Saturday

26th May 2018

Agenda

ECB showdown on bond-buying plan THIS WEEK

  • The ECB headquarters in Frankfurt: All eyes are on its 6 September meeting (Photo: Valentina Pop)

A keenly-awaited meeting of the European Central Bank board on Thursday (6 September) will have to reconcile a bond-buying plan aimed at helping Spain and Italy with the fundamental opposition to such schemes within Germany's Bundesbank.

Ahead of the Thursday meeting of eurozone central bankers within the ECB board, Bundesbank chief Jens Weidmann told Der Spiegel that the ECB actions risk becoming "addictive like a drug" allowing governments to give up necessary reforms.

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Adding to the pressure, Bild newspaper on Friday quoted unnamed sources saying Weidmann had considered resigning - just like two of his predecessors - over the ECB plans to buy Spanish and Italian bonds. The measure is aimed at helping them lower their borrowing costs, which have reached bailout territory.

ECB chief Mario Draghi defended his stance in German newspaper Die Zeit by saying that in order to keep the euro stable the central bank sometimes has to go "beyond" its standard policies and adopt "exceptional measures."

A compromise solution has been in the works for the past month, whereby countries that want the ECB to buy their bonds first have to sign up to a reform programme with the eurozone bailout fund. The details of such arrangements are expected on Thursday. Spain may file an official request soon afterwards.

Ahead of the Frankfurt showdown, Draghi is meeting MEPs in the economics committee on Monday, but the gathering is behind closed doors.

Economics commissioner Olli Rehn and his colleague in charge of financial services, Michel Barnier, are to appear in a public session later that afternoon and take questions on plans to give the ECB supervisory powers over 6,000 banks in the eurozone.

Rehn is also likely to be asked about Greece, as the troika of international lenders is returning to Athens this week to check on the €11.5 billion worth of spending cuts required for the next tranche of bailout money to be disbursed.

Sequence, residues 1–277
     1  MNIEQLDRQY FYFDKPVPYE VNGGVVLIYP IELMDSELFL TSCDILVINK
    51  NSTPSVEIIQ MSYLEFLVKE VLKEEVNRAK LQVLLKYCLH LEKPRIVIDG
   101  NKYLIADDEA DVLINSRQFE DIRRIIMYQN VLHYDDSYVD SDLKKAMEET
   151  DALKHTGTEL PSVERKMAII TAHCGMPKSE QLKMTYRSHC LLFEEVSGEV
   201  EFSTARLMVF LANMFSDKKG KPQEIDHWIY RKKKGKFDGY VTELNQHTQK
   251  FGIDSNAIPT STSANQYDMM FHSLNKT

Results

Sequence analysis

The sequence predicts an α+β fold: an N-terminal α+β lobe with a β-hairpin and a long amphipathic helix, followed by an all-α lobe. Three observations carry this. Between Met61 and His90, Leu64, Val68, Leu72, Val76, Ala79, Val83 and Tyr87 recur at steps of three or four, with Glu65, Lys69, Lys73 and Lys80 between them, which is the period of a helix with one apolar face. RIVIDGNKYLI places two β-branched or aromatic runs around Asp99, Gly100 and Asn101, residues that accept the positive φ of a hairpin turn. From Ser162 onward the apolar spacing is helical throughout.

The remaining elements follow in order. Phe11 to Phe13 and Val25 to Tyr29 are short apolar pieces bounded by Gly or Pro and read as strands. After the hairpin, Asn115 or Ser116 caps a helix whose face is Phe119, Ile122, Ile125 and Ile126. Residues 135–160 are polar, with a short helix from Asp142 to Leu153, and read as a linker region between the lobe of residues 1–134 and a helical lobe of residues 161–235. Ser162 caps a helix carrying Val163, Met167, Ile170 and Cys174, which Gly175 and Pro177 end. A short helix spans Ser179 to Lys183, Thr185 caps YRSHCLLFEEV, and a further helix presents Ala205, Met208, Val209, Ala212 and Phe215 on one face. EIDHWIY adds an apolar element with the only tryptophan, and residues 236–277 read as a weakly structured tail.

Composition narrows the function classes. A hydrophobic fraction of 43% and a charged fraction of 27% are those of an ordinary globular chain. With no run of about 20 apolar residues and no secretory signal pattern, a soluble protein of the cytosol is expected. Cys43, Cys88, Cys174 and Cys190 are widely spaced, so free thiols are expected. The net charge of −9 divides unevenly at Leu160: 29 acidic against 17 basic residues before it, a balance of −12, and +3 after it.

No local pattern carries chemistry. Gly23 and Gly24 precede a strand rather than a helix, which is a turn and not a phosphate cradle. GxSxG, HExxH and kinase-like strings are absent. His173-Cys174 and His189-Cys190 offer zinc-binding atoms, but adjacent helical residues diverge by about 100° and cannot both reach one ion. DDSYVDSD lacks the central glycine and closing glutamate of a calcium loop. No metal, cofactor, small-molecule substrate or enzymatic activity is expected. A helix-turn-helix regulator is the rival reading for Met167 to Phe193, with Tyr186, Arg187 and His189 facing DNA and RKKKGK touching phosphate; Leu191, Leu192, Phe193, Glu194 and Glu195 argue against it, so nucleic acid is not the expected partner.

Also on Monday, MEPs in the home affairs committee will vote on a deal struck with member states to restrict access to chemicals that can be used to make home-made explosives.

Meanwhile, EU council chief Herman Van Rompuy, who is drafting the plan on how to upgrade the eurozone to a true fiscal and political union, is due to travel to Germany, France, Italy and Greece.

An initial draft was already discussed in June, with leaders expecting more details by October on the reforms feasible in the short term. The parts which will require changes to the EU treaty will be tabled at a December summit.

Troika back in Greece this WEEK

The troika of international lenders returns to Athens this week to take stock of delays in implementing the bailout-linked austerity measures. Meanwhile, the European Central Bank may take some crisis-alleviating measures on Thursday.

ECB under pressure on bond-buying

Pressure is mounting on the ECB ahead of a key meeting on whether to buy Italian and Spanish bonds to help stabilise the euro.

Budget and Bettel on the EU's agenda This Week

MEPs will have their first chance to discuss the EU Commission's plans for the next long-term EU budget in Strasbourg. At the same time, a court case in Luxembourg may shake up the 'rule of law' debate.

Zuckerberg and Trump top the EU's agenda This WEEK

The Facebook CEO will brief MEPs on data protection - but only behind closed doors. Meanwhile EU leaders are scratching their heads on how to deal with US president Trump's erratic decisions on trade and the Iran deal.

All eyes on the EU budget This WEEK

The European Commission will next week unveil its ambitious proposal for the first EU budget without the UK. In the European Parliament, its the Belgian PM's turn to talk about the future of Europe.

Visual Data

EU budget: Biggest cuts and increases

The European Parliament accused the EU Commission of not providing clear figures for a comparison of the proposed and the current EU budgets. We take a look at the main differences.

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